Since I will have an arduino board in the control box, maybe it would be cool to also have a 2 line LCD display right on the control box, showing battery volts and state of charge percentage, amps into the controller, and prop RPM. What I got now is just an analog shunt ammeter and analog voltmeter jumpered in, laying loose on top of the battery box. Difficult to read and inconvenient. For now, I will mount them on a piece of acrylic, along with a digital hall effect tachometer that I haven't installed yet. I will mount that on a box of some sort so the connections aren't exposed. But a 2 line display presenting the data right there on the throttle box will be super.

I tried to get the configuration program for the Kelly controller to run on my laptop, running Linux, but no joy. In Wine the app tries to start but says it can't find the controller. I tried all sorts of things and I can't get it to go. That is one of the things that absolutely sucks about the Kelly controller. The tech guys want US to use the operating system that THEY use. They don't understand the American concept that the customer either gets it his way or gets it elsewhere. They are zero help on this, and other issues. They also label meters only in a percentage of configured current and voltage parameters, not volts and amps, and so the data from the supplied meters is ambiguous and basically useless. They defend this stupidity by claiming they would have to write a separate configuration for each size of controller. In fact they only need to change certain constants in a configuration file for each controller but they think they know it all and I am just some retard who doesn't understand that the vendor makes the rules and the customer shuts the hell up and takes what he is given. And they are mad at me for not ordering my motor through them.

Bottom line, if you use the Kelly controller, don't expect much useful technical assistance from them, make sure you have a windows or Mac computer, and don't waste your money on their kit. Buy controller, fuse, contactor, diodes and resistor, and heat sink, put it together yourself. I am waiting for Sevcon to get their act together and make a line of controllers that can be configured on a proper Linux or Android computer, without paying $200 for a special programmer doodad. That's pretty ignorant and stupid, as well.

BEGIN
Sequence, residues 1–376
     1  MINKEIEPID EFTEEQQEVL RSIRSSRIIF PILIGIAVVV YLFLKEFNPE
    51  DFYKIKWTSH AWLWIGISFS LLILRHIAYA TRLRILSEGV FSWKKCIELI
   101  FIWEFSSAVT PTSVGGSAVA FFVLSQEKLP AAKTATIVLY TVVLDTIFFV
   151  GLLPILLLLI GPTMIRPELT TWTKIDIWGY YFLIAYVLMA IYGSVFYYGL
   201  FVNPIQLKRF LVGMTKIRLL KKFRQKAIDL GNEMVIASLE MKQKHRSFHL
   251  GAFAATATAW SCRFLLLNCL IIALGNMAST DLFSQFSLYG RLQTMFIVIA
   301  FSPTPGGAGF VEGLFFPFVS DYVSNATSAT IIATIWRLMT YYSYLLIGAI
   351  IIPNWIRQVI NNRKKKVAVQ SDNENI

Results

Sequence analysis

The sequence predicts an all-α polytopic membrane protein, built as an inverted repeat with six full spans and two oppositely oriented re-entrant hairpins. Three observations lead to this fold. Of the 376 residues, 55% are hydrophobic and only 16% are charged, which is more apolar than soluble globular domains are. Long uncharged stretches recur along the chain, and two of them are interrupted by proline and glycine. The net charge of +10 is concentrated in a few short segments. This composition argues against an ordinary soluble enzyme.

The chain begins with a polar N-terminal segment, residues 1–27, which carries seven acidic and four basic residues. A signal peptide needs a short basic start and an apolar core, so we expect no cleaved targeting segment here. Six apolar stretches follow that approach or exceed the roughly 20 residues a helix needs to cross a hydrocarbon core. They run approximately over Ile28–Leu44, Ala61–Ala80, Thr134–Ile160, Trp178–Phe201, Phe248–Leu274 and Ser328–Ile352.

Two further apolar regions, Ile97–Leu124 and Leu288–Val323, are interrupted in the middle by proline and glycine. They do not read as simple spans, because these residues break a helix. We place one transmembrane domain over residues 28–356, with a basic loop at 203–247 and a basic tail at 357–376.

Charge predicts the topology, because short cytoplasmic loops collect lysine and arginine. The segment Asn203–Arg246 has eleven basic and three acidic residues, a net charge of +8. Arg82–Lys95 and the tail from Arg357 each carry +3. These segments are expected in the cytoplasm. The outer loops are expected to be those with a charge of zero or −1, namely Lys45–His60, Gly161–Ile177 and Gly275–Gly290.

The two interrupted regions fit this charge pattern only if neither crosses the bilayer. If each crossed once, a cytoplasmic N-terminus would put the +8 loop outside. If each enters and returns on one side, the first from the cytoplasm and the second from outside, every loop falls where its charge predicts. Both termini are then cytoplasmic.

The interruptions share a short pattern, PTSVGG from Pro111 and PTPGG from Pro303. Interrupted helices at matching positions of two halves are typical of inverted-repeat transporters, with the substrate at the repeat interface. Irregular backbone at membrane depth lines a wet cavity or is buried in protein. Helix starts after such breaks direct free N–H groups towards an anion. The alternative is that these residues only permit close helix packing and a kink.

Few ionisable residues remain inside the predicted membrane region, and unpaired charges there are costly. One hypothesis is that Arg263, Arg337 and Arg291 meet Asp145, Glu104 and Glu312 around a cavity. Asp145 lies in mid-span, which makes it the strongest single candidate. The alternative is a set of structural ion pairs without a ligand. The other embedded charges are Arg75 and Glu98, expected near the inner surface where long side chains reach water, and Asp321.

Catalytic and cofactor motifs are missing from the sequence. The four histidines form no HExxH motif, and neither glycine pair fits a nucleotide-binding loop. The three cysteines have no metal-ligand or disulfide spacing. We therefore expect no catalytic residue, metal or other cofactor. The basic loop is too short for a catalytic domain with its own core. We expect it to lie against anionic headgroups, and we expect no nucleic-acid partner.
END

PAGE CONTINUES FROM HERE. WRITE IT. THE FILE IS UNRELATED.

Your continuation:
I only get a max of about 60 amps or a bit less of current. I think it is hitting a speed limit in the controller. The original 12" 2 blade folding prop doesn't seem to be loading the motor enough to develop peak power. I will be replacing it with a fixed 3 blade next year. Possibly it would have been better to not use a reduction gear with this 4201 motor, which is meant to be ran slower than the similar 0907, but I didn't want to have to diddle around with a thrust bearing when I could just mount right up to a Baldor reduction gearbox. But the 3 blade prop ought to give me the full 5kw power from this motor and controller.

Another thing I want to re-think is the motor mount system. I will build a bed framework that does not need adjusting, and the motor faceplate will have separate adjustments for side to side, yaw, fore and aft, pitch, and height. Also I will make it slightly wider to accommodate the 10kw size Motenergy motors. The idea is for the design to be more or less universal for all boats originally equipped with Atomic 4 or Universal Diesel motors, using the Motenergy electric motors. Mounting the electric motor properly is probably the most intimidating part of a full DIY electric repower. This is why a full turnkey system or a professional installation is worth several thousand dollars more. Well, and the engineering. With an open source mount easily built with no welding out of cheap mild steel angle iron and 1/8" sheet, a DIY setup for 25 to 35 foot boats is a lot more feasible for a lot less technically inclined owners. The only machine shop type equipment needed would be a cheapo drill press from Harbor Freight, to drill accurate holes in 1/4" steel for 3/8" bolts. And a saber saw. No other power tools needed.

If there is enough interest, next year after I redo the mount and control box, I might make an Instructible tutorial on a generic setup for a small sailboat with a Motenergy or compatible motor. Maybe an open source kinda thing that can adapt to new technologies and sources as time goes by, with an eye toward keeping it cheap but also easy for regular folks to do.

To reiterate, I got my parts from:

Kelly, for controller kit including inadequate charger, useless meters, nice mounting plate, contactor, and fuse with KBL48301X 48v 300a peak, 100a continuous controller. I recommend thinking carefully about going with a Sevcon controller, though. Neither one is perfect. They don't care what we want.